body con-dition score cows 90 days prior to calving rates at the end of the breeding season. The most
and make ration changes to achieve optimum BCS difficult period to maintain body condition is from
prior to calv-ing. Approximately 90 percent of cattle calving to breeding. Body condition score and re-
in optimum body condition will resume estrus cyclic breeding rates can be improved in cows calving in less
activity 60 days postpartum. Assessing body condition than a 5 condition score if fed to increase condition
at breeding may offer useful information that may help prior to the beginning of the breeding season. Mature
explain reduced pregnancy rates. cows, however, will respond to supplementation much
better than first calf heifers. Table 4 illustrates the
Body Condition Score effects of body condition score at calving and subse-
quent body weight gain on pregnancy rates of first
and Calving Season calf heifers. Heifers that calved in a body condition
The calving season in Georgia varies widely score of 5 or above had greater than 90 percent preg-
among cattle operations, but most calves are born nancy rates when either gaining weight or maintaining
from Sep-tember through March. Calving season has a weight. In heifers calving in a BCS of less than 5,
large impact on phase of the cow’s yearly production pregnancy rate was increased from 36 to 67 percent by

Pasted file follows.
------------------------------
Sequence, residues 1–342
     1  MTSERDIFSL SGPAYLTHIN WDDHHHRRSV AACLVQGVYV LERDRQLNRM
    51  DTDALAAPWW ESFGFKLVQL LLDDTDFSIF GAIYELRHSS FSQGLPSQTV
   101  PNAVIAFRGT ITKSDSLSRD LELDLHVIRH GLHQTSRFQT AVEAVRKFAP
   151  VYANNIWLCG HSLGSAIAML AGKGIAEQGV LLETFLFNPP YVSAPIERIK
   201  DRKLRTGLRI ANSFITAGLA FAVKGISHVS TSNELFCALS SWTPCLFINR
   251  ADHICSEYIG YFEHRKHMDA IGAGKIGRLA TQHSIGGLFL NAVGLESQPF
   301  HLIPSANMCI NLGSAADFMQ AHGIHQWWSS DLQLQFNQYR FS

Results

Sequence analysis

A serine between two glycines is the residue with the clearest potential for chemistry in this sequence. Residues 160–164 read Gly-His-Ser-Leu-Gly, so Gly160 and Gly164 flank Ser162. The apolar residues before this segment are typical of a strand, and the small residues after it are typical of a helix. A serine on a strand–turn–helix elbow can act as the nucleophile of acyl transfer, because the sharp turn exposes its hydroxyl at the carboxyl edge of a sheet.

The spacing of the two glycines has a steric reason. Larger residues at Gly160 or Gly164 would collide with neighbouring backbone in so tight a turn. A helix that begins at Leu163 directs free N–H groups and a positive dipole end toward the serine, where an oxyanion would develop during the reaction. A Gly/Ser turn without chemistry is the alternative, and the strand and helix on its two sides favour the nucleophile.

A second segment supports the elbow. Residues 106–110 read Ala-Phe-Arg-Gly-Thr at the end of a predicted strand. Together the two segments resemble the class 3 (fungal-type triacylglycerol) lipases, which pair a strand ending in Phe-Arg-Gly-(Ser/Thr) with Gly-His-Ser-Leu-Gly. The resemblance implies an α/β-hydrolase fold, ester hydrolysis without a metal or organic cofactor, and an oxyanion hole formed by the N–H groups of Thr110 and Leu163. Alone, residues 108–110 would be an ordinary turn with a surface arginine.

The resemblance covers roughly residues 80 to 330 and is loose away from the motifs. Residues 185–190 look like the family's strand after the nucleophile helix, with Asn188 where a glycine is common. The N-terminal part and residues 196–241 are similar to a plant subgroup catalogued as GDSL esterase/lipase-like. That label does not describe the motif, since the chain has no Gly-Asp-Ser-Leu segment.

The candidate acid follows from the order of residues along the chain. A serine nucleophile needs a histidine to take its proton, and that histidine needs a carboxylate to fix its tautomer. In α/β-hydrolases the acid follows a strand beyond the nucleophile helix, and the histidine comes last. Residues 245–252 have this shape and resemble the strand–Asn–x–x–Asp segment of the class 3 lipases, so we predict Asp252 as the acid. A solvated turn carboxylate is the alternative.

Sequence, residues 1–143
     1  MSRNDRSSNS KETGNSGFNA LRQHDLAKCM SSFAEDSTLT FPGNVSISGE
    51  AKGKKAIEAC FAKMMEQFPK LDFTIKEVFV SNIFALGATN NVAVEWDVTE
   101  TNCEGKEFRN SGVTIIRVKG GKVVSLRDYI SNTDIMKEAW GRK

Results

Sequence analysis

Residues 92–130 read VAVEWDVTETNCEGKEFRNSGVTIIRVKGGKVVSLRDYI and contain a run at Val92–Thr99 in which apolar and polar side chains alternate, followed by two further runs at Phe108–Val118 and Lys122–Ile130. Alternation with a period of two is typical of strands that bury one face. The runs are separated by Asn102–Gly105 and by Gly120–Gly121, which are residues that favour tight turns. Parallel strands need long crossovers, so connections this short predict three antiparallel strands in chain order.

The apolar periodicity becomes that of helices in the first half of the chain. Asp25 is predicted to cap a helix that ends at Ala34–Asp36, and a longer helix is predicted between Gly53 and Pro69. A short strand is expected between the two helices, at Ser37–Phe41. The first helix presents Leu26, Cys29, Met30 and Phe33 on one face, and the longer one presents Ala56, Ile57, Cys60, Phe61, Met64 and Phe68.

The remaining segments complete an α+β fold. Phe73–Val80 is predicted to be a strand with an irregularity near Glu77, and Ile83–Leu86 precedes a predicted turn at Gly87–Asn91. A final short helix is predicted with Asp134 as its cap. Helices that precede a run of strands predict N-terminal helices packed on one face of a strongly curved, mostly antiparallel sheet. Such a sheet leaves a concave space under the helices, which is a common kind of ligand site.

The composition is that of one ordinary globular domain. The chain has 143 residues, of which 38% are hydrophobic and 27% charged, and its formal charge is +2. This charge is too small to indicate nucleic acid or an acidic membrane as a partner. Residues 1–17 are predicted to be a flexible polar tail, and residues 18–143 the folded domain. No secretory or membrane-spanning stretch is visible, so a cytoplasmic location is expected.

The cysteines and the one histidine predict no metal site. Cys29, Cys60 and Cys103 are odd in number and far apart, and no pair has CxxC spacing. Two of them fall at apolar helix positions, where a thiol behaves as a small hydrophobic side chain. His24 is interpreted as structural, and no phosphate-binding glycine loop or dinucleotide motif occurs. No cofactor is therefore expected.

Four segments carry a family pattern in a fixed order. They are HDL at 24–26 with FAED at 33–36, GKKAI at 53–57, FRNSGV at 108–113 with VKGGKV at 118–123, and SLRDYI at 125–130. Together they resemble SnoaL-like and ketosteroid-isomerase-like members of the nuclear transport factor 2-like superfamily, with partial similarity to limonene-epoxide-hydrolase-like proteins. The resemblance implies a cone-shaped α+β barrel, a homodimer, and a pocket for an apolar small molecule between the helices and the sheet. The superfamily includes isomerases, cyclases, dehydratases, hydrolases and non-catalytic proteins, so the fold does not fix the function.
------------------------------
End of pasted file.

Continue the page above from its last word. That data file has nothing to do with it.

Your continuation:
cycle in which body condition score is most likely to increasing daily gain from 0.7 to 1.8 pounds per day.
be deficient. Even though increasing daily gains improved preg-
In the southeast, cows calving in the fall months nancy rates, the 67 percent pregnancy rate is not
are likely to have adequate body condition score, so acceptable and was far below both groups calving in a
the winter feeding period usually begins shortly after condition score of 5 or greater. This study shows that,
the calving season begins. Therefore, cows are for first calf heifers, body condition score at calving is
lactating throughout the winter feeding period. the key component to high re-breeding rates.
Increased de-mands of lactation and declining feed
quality during the fall months often causes inadequate

Table 4. Effects of calving BCS and subsequent weight Table 5. Effect of restricted feeding on body condition
gain on reproductive performance of first calf heifers.a score of mature cows.a

Weight gain, Feeding Levelb

Calving BCS lb/db Pregnancy %
Days from High-High- Low-High- Low-Low-
<5 1.8 67 calving High High High
<5 0.7 36
-95 6.0 5.3 5.4
>5 1.0 94
0 5.6 5.5 4.8
>5 0.1 91
+58 5.2 5.1 5.2
Adapted from Bell, et al. 1990 a
b Adapted from Freetly et al., 2000.
Weight gain = daily weight gains from calving to the start of the b
High-High-High = maintain BCS of 5.5 from weaning to
breeding season.
breeding. Low-High-High = decline in BCS in second trimester
and regain BCS to a five during third trimester. Low-Low-High =
Body condition score at calving is less critical for decline in BCS during second trimester through 28 days post-
calving, then regain BCS to a five at breeding.
mature cows. Certainly, it is ideal to have cows in a